Freight Market Update: January 18, 2022
Ocean and air freight rates and trends; customs and trade industry news plus Covid-19 impacts for the week of January 18, 2022.
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Logistics Rewired: Ocean Market Predictions for 2022
January 26 at 9:00 am PST | 12:00 pm EST | 6:00 pm CET
In 2021 the ocean freight industry saw record breaking prices, port congestions, container shortages, and more. What can we expect in the year ahead? Join Flexport and our distinguished guests as we look ahead to 2022 ocean trends and strategies.
Ocean Freight Market Update
Asia → North America (TPEB)
- Vessel dwell times at US and Canada West Coast ports remain critical as the pileup of pre-Chinese New Year cargo worsens. The Omicron variant of Covid-19 is impacting the number of dockworkers, with estimates of 1 in 10 staying home (as of last week). Due to severe congestion, ocean carriers are still looking to drive IPI cargo through the PSW gateway, as opposed to cargo for local deliveries. Shippers with urgent cargo, or those working to replenish depleted inventories, are willing to pay premium rates for scarce space, although some softening is expected to be seen post-CNY.
- Rates Rate levels remain elevated, and the premium market is strong for pre-CNY sailings, driving up premium rates.
- Space Critical
- Capacity/Equipment Critical/Severe Undercapacity
- Recommendation Book at least 4 weeks prior to CRD. Consider premium options and carrier IPIs through the PSW gateway. Be flexible in regard to equipment and routings.
Europe → North America (TAWB)
- Schedule reliability Port omissions and changes in port rotations will continue in the mid-term due to weather and congestion issues.
- Congestion at USEC ports is manageable at the moment. Savannah is improving whilst Houston and Charleston are getting more congested. USWC remains heavily congested at both LA and LB despite improvement on the quay. Some blank sailings announced by lines in February.
- Rates Ocean levels continue to remain high with further increases expected as from February.
- Space Critical, especially to the USWC
- Capacity/Equipment Capacity remains tight for both North Europe and Mediterranean services. Better equipment availability at port; shortages remain at inland depots.
- Recommendation Book 5 or more weeks prior to CRD. Request premium service for higher reliability and no-roll guarantees.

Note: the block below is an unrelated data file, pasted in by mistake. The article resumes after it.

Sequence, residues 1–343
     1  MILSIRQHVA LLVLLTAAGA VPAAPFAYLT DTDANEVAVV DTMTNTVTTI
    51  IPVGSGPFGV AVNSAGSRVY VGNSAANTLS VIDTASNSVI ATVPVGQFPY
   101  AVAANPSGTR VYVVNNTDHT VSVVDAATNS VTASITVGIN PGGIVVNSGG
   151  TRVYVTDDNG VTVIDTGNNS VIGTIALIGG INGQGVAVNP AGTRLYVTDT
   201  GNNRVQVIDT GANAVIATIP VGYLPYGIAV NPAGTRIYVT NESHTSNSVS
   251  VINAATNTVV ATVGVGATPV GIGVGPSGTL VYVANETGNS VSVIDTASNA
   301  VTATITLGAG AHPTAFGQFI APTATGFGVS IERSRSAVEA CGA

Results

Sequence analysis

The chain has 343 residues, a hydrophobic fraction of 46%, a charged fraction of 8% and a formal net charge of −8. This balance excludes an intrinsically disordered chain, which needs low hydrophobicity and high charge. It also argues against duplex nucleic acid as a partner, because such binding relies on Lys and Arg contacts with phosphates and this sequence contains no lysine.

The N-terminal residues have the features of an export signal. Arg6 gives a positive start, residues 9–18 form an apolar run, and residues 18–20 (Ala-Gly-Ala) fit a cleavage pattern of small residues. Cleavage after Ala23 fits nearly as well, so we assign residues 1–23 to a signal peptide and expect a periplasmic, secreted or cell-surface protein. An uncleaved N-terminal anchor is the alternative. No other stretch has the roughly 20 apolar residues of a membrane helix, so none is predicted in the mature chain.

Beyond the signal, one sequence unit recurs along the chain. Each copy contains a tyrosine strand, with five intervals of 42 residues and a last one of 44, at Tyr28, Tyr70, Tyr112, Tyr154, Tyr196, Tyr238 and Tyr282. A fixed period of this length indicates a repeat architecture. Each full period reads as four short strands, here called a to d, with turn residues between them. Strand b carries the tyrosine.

Indian Subcontinent → North America
- Demand for space is increasing as we are heading into the ISC region's traditional peak from January - April. This time period is the last quarter of India’s financial calendar where we see demand rise as manufacturers look to close their books strongly to end the year.
- Rates slight increase seen for 2H January. Rates are expected to continue to climb into February as is typical during the ISC peak season.
- Space to the USWC is and will remain a challenge into 2022. Port omissions on services to the USWC continue to cut capacity out of the ISC.
- Space to the USEC remains steady with a good mix of ocean carriers and services. Some port omissions are occurring at Savannah and Charleston due to ongoing congestion.
- Equipment remains a challenge at smaller Indian ports in the South and South-East as well as inland container depots (ICDs). Carriers are encouraging shippers’ use of their own origin carriage services to mitigate equipment shortages. Equipment is normalized at key ports such as Nhava Sheva and Mundra. Recommendation remains to load via wet port instead of using ICDs to avoid delays and accessorial fees.
North America → Asia
- Vessel arrivals and available capacity remain fluid for USWC POLs. USEC capacity has been more readily available; Deteriorating schedule integrity, There continues to be void sailings and delays in schedules creating significant challenges with posted earliest return dates and vessel cut-offs at the port.
- Rates There have been a few GRI advisories posted for early February specific to transshipment ports as well as Oceania destinations.
- Equipment Deficits on containers and chassis continue to plague IPI origins. Availability for standard equipment at ports has not been an issue, but any special equipment is hard to come by.
- Recommendation Please place bookings 4 to 6 weeks in advance to secure your equipment and vessel space.
North America → Europe
- There is available capacity on the TAEB trade from the US East and Gulf Coasts. US West Coast service to Europe is extremely tight due to void sailings and skipped ports caused by systematic delays. Multiple TAEB service strings continue to omit the port of Savannah and are calling Charleston or Jacksonville instead, due to the significant congestion issues at the port of Savannah.
- Rates January rate levels anticipated to remain steady through the month.
- Equipment Deficits are still plaguing IPI origins. Availability for standard equipment at ports has not been an issue, but any special equipment is hard to come by.
- Please place bookings 3 to 4 weeks in advance for East Coast/Gulf sailings and 6 weeks for Pacific Coast sailings.
Air Freight Market Update
- N. China: Demand is slowly starting to pick up this week and is expected to continue up to the LNY holiday. Rates have also started climbing this week. Covid test kits continue to be a hot commodity in the market.